some areas that appear to be stricter than the regulatory
framework.  Moreover, S&P anticipates the bank will remain fully
compliant with the current sanctions on Russia.

S&P's assessment of RCB Bank's capital and earnings as strong
reflects S&P's view that the bank's loss absorption capacity will
remain at its current strong levels owing to moderate loan
growth, stable asset quality, and some recovery in net interest
margin. Accordingly, S&P projects that S&P Global Ratings' risk-
adjusted capital (RAC) ratio for RCB Bank will remain comfortably
above 10% in the next 18 months, against 11.6% at year-end 2015.
The bank's regulatory common equity Tier 1 ratio was 21.3%, and
total capital adequacy ratio was 23.5% as of Sept. 30, 2016.

RCB Bank has exhibited consistent profitability over the past 10
years, including during the 2008-2009 global banking crisis and
the 2013 crisis in Cyprus.  Average return on equity was 22.4% in
2011-2015.  Operating revenues are dominated by net interest
income.  Trading income is represented by bond portfolio
revaluation and foreign currency gains.  Fees and commissions
relate mainly to servicing deals and will likely rise in 2017.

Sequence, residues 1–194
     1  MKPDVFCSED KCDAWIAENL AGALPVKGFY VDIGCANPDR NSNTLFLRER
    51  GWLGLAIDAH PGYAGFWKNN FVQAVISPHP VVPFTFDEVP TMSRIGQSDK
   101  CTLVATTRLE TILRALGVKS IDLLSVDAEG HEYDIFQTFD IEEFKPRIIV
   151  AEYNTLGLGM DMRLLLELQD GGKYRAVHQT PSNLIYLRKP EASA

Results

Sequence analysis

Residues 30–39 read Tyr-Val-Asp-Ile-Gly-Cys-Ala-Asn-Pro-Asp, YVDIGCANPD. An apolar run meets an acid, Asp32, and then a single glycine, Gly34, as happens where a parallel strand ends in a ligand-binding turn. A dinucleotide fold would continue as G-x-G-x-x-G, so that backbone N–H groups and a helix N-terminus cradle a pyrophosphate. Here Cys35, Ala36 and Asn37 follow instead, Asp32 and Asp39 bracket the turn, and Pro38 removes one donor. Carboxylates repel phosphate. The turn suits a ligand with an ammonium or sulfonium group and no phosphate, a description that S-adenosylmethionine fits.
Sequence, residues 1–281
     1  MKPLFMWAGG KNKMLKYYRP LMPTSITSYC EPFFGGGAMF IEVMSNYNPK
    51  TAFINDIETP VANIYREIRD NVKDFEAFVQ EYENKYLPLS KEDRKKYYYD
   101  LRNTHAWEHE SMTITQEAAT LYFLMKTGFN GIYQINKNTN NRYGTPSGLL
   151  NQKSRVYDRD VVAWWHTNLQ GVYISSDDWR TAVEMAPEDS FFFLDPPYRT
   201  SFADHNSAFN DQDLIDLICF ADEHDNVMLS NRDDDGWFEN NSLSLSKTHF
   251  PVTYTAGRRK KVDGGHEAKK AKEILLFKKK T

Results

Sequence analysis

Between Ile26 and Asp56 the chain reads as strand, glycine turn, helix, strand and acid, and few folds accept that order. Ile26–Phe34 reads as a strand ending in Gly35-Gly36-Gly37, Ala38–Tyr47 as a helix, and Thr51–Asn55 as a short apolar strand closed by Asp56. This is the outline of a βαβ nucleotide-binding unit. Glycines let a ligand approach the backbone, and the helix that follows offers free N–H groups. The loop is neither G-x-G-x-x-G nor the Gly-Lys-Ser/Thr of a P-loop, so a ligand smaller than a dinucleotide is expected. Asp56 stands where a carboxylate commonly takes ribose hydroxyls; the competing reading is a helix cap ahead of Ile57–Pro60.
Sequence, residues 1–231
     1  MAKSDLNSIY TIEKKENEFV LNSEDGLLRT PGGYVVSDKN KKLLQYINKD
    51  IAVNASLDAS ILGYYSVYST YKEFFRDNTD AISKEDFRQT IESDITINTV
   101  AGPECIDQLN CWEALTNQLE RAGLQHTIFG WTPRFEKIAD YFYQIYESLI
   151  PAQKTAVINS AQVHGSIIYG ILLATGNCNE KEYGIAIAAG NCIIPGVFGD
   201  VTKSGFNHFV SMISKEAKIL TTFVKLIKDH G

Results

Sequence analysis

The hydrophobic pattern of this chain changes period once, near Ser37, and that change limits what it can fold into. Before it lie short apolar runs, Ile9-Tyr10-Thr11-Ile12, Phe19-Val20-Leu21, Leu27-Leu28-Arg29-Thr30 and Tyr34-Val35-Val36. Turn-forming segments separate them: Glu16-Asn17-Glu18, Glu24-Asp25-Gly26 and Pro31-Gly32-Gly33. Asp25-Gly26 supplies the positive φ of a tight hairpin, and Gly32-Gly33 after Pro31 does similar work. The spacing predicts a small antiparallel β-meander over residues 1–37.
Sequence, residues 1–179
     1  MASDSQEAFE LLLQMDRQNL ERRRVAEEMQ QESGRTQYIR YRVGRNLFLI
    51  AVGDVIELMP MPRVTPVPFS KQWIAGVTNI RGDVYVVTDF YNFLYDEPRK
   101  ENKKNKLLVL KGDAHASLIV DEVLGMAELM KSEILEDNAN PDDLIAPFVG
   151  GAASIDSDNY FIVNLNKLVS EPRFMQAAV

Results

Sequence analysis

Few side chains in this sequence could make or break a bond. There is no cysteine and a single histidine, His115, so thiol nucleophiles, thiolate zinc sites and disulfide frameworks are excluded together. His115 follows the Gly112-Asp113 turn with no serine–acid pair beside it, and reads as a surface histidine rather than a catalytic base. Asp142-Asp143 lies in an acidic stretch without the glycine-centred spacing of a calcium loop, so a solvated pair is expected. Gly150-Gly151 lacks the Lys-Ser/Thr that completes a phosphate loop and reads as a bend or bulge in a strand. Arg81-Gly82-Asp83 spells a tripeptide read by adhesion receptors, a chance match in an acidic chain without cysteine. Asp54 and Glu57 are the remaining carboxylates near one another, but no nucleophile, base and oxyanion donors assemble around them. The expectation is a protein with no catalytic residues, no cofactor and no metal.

Provisions will remain low because of the predominance of cash-
collateralized loans and low nonperforming loans (NPLs).

S&P considers the bank's risk position to be adequate, reflecting
its high single-name lending concentrations to joint clients with
shareholders and its own CIS clients as well as full coverage of
these loans by risk mitigation arrangements in the form of cash
collateral, and stronger asset quality in non-shareholders'
related business than domestic peers.

NPLs accounted for 0.8% of total loans as of Sept. 30, 2016.
This is significantly below NPLs at 49% in the Cypriot banking
system as of Aug. 1, 2016.  The reasons for this are:

   -- RCB Bank's exposure to domestic clients is very limited;
   -- All loans with joint clients with shareholders are fully
      covered by risk mitigation arrangements provided by them;
   -- CIS clients were rigorously selected and have withstood
      difficult macroeconomic conditions in the CIS.

Provisions covered NPLs by 82% as of Sept. 30, 2016, reflecting
additional collateral.  S&P expects the bank will somewhat
increase provisions in the next 12 months to reflect planned
growth of its domestic business.

Lending to own risk clients (not cash collateralized) covers a
variety of sectors.  The bank is making special efforts to expand
in the Cypriot market.  Because of the relatively small size of
own risk portfolio, the share of its own 20-largest loans
accounted for about 71% of total own loans as of year-end 2015,
which is a substantial concentration in global comparison.  The
concentration in the own-risk loans portfolio is naturally
decreasing as the portfolio grows.

S&P assess RCB Bank's funding as average.  This reflects S&P's
view that its three main businesses are self-funded.  S&P also
understands that loans to joint clients are fully matched by VTB
Bank deposits.  Corporate and retail customer deposits--
complemented by funding from European Investment Bank and
European Investment Fund--fully fund own loans to CIS and Cypriot

The loan-to-deposit ratio of 57% as of Sept. 30, 2016, in the